February 12, 2019
Why Does Bribery Work?
A new study from Carnegie Mellon University suggests that greed, and not the willingness to return the favor, is the main reason people give in to bribery. But the research also finds there are times when the almighty buck can be ignored and effects of a bribe can be lessened.
The study indicates that when incentives are dependent on choices, people accept and reward bribes. On the other hand, when bribes are not contingent on delivering a certain outcome, they don't distort judgment nearly as much.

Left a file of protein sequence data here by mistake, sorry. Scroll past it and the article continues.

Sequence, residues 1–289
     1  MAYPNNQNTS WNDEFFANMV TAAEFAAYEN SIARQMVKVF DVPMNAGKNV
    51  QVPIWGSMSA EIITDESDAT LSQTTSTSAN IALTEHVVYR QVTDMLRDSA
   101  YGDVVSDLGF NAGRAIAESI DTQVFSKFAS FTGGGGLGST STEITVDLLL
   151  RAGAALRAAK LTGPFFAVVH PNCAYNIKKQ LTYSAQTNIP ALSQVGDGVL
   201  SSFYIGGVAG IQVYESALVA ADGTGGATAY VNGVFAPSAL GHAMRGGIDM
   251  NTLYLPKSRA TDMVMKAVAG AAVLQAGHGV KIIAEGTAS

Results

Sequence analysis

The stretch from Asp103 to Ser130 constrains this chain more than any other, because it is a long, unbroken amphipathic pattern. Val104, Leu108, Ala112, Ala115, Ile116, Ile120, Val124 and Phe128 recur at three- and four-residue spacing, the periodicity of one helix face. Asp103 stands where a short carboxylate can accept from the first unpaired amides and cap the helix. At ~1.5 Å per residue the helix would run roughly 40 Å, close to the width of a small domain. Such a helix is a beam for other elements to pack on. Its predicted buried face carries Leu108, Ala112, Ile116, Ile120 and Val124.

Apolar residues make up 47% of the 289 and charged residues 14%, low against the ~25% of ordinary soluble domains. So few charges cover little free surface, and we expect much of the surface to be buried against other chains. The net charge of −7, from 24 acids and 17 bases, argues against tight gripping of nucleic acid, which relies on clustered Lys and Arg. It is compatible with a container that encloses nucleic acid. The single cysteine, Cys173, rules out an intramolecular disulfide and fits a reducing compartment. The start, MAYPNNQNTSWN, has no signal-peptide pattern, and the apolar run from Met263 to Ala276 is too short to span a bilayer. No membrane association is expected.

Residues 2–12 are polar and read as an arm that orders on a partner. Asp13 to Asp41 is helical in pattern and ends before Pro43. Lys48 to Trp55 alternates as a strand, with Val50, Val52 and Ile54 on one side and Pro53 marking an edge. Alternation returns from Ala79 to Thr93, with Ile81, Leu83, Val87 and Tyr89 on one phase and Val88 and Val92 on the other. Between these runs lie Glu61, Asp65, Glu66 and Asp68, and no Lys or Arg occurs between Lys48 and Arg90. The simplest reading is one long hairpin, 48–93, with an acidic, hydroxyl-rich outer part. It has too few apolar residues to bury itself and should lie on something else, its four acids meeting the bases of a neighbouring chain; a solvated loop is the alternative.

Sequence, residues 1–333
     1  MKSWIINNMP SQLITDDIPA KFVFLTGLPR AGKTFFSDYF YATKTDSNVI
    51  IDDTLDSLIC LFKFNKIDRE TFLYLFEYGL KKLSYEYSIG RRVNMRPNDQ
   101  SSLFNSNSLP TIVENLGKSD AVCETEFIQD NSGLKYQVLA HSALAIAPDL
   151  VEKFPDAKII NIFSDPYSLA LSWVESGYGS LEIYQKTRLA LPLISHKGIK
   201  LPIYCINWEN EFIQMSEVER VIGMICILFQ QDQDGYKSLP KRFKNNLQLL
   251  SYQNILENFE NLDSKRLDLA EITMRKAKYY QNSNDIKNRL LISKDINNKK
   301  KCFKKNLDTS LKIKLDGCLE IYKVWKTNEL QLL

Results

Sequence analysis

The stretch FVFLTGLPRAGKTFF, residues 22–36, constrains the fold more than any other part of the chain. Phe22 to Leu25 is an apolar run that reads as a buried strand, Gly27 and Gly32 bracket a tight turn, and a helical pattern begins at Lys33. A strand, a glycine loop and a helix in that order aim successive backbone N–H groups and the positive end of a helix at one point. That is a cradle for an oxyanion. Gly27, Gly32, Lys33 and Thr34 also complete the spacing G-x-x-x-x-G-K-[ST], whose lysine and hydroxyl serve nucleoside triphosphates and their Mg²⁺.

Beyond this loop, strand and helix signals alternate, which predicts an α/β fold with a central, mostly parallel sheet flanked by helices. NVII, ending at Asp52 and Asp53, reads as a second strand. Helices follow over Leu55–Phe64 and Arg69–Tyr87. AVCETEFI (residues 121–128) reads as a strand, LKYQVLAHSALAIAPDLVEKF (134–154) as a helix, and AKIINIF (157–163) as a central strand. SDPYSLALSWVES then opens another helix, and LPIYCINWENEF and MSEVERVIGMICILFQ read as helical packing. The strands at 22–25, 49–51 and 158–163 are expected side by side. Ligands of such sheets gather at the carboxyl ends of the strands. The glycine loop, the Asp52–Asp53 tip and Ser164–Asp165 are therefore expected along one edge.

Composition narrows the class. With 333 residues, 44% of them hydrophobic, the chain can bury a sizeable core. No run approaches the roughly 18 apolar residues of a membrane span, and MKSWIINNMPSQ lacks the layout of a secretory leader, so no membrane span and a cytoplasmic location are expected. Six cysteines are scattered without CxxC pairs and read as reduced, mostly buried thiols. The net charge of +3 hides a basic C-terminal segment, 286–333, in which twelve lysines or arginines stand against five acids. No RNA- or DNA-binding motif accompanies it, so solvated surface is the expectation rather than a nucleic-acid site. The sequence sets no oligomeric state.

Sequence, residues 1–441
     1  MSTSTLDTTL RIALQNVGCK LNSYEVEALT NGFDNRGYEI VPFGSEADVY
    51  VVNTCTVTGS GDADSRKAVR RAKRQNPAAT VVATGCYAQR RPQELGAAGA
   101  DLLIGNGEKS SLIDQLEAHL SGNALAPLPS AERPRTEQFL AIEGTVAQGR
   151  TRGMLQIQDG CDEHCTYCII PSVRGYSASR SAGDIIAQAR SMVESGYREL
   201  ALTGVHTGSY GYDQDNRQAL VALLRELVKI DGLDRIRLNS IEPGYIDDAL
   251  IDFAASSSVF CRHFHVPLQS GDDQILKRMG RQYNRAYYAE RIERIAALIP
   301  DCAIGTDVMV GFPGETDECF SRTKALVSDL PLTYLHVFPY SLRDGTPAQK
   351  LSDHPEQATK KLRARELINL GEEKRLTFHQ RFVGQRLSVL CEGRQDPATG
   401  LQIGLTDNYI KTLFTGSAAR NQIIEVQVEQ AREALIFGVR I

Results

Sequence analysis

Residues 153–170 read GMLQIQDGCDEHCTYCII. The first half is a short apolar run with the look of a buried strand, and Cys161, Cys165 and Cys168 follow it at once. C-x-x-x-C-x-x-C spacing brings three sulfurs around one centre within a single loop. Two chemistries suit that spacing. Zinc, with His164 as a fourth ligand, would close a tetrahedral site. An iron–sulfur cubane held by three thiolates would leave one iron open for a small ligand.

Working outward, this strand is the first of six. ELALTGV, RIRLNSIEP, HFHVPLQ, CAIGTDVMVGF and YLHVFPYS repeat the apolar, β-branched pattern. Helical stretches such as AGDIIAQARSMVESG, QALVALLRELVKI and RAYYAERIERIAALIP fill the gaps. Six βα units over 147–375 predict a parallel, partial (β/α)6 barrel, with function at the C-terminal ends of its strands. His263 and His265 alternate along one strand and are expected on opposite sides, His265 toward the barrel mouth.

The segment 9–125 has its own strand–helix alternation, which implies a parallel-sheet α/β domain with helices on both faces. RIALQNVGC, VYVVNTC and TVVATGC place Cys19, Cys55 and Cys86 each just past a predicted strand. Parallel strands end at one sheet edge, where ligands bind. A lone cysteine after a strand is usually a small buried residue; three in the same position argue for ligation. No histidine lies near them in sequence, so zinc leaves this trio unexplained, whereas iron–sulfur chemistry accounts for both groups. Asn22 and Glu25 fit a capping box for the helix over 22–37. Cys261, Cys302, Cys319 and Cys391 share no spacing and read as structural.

In the Carnegie Mellon experiment, pairs of participants wrote original jokes and submitted them to a judge, who was tasked with deciding which pun was the funniest. Joke-tellers could blindly submit bribes up to $5.
When judges were allowed to keep only one bribe, nearly 90 percent of them chose the joke that came with the most money. The better joke (as determined by independent evaluators) was selected just 60 percent of the time.